# Weak hypercharge

The weak hypercharge in particle physics is a quantum number relating the electric charge and the third component of weak isospin. It is frequently denoted YW and corresponds to the gauge symmetry U(1).[1]

It is conserved (only terms that are overall weak-hypercharge neutral are allowed in the Lagrangian). However, one of the interactions is with Higgs field. Since Higgs field vacuum expectation value is nonzero, particles interact with this field all the time even in vacuum. This changes their weak hypercharge (and weak isospin). Only a specific combination of them, ${\displaystyle Q=T_{3}+{\frac {Y_{\rm {W}}}{2}}}$ (electric charge), is conserved.

Mathematically, weak hypercharge is similar to the Gell-Mann–Nishijima formula for the hypercharge of strong interactions (which is not conserved in weak interactions).

## Definition

Weinberg angle θW, and relation between coupling constants g, g', and e. Adapted from T D Lee's book Particle Physics and Introduction to Field Theory (1981).

Weak hypercharge is the generator of the U(1) component of the electroweak gauge group, SU(2)×U(1) and its associated quantum field B mixes with the W3 electroweak quantum field to produce the observed
Z
gauge boson and the photon of quantum electrodynamics.

The Weak hypercharge satisfies the relation

${\displaystyle \qquad Q=T_{3}+{Y_{\rm {W}} \over 2}}$

where Q is the electrical charge (in elementary charge units) and T3 is the third component of weak isospin. Rearranging, the weak hypercharge can be explicitly defined as:

${\displaystyle \qquad Y_{\rm {W}}=2(Q-T_{3})}$
left-handed el. charge
Q
weak isospin
T3
weak
hyper-
charge
YW
right-handed el. charge
Q
weak isospin
T3
weak
hyper-
charge
YW
Leptons
ν
e
,
ν
μ
,
ν
τ
0 +1/2 −1 Do not interact (if exist at all)

e
,
μ
,
τ
−1 −1/2 −1
e
R
,
μ
R
,
τ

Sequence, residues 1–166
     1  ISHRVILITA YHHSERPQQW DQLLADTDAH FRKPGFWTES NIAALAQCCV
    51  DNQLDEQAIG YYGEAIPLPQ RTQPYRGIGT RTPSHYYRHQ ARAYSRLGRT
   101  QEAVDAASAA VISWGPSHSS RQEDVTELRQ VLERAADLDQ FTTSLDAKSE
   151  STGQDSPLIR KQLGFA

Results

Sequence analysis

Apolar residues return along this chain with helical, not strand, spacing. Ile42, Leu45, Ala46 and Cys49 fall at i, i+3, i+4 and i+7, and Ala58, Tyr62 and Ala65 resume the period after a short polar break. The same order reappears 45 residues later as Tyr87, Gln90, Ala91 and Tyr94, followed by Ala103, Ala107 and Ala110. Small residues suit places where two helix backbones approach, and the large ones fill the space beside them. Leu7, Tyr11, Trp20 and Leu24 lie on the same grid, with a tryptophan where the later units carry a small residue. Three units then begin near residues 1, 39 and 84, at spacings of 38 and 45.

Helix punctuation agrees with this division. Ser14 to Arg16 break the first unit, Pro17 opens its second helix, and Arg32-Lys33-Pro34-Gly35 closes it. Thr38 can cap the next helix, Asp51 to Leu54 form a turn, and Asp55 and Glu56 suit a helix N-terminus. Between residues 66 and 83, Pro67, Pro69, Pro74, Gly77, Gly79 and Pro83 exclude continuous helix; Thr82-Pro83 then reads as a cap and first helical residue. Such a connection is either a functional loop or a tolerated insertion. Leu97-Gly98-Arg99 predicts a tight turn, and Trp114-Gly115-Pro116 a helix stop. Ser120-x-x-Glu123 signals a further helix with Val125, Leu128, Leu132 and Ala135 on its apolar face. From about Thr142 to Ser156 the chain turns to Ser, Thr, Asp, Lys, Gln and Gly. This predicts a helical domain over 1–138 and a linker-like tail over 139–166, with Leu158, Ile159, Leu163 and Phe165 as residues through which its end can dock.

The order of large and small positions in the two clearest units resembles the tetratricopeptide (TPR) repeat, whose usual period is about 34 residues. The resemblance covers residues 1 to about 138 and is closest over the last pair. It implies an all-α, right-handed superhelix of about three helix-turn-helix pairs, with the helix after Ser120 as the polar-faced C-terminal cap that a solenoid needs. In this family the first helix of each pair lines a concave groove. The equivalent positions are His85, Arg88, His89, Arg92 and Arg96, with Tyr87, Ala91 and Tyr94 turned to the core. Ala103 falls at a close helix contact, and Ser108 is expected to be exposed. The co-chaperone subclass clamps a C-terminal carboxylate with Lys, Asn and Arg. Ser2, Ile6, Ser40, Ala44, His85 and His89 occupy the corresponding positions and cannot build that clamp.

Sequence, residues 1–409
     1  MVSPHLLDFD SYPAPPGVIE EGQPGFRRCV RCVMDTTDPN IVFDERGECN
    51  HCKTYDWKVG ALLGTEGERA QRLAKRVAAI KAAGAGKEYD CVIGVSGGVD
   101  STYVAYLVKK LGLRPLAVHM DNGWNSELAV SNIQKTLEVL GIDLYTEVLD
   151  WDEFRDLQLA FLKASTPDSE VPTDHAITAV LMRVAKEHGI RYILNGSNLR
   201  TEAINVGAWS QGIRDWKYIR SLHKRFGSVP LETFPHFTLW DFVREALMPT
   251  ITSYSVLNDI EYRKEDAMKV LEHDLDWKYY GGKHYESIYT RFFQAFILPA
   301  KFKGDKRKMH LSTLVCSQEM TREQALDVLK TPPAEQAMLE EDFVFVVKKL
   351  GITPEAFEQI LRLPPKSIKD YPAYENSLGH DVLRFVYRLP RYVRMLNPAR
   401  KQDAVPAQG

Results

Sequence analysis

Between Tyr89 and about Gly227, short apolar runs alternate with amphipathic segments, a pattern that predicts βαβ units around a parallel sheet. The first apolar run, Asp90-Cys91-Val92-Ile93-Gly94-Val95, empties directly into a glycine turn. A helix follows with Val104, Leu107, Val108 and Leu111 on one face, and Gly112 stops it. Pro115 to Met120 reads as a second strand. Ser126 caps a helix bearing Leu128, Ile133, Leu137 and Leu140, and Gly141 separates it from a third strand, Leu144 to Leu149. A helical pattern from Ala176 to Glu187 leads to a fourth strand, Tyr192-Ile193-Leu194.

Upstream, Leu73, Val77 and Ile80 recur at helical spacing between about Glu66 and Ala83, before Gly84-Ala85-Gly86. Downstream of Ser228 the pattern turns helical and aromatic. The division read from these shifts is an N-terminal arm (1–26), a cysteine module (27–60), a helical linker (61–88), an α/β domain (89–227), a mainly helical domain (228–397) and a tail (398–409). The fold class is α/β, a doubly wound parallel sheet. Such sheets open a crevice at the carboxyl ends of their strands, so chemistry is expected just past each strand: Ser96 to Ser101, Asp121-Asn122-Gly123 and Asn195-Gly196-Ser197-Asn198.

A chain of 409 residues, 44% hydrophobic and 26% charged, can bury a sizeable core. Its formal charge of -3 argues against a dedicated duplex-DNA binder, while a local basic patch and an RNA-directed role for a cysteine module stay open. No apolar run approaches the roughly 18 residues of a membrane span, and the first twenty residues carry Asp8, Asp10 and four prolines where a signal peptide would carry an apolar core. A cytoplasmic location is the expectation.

R
−1 0 −2
Quarks
u
,
c
,
t
+2/3 +1/2 +1/3
u
R
,
c
R
,
t
R
+2/3 0 +4/3
d, s, b −1/3 −1/2 +1/3
d
R
,
s
R
,
b
R
−1/3 0 −2/3

where "left" and "right"-handed here has to be understood as left and right chirality, not helicity.

el. charge
Q
weak isospin
T3
weak
hyper-
charge
YW
Electroweak
W
±1 ±1 0

Z
0 0 0

γ
0 0 0
Higgs
H0
0 -1/2 +1
The pattern of weak isospin, T3, and weak hypercharge, YW, of the known elementary particles, showing electric charge, Q, along the Weinberg angle. The neutral Higgs field (circled) breaks the electroweak symmetry and interacts with other particles to give them mass. Three components of the Higgs field become part of the massive W and Z bosons.

Note: sometimes weak hypercharge is scaled so that

${\displaystyle \qquad Y_{\rm {W}}=Q-T_{3}}$

although this is a minority usage.[2]

Hypercharge assignments in the Standard Model are determined up to a twofold ambiguity by demanding cancellation of all anomalies.

## Baryon and lepton number

Weak hypercharge is related to baryon number minus lepton number via:

${\displaystyle X+2Y_{\rm {W}}=5(B-L)\,}$

where X is a GUT-associated conserved quantum number. Since weak hypercharge is always conserved this implies that baryon number minus lepton number is also always conserved, within the Standard Model and most extensions.

### Neutron decay

n

p
+
e
+
ν
e

Hence neutron decay conserves baryon number B and lepton number L separately, so also the difference B − L is conserved.

### Proton decay

Proton decay is a prediction of many grand unification theories.

p+

e+
+
π0

e+
+ 2
γ

Hence proton decay conserves B − L, even though it violates both lepton number and baryon number conservation.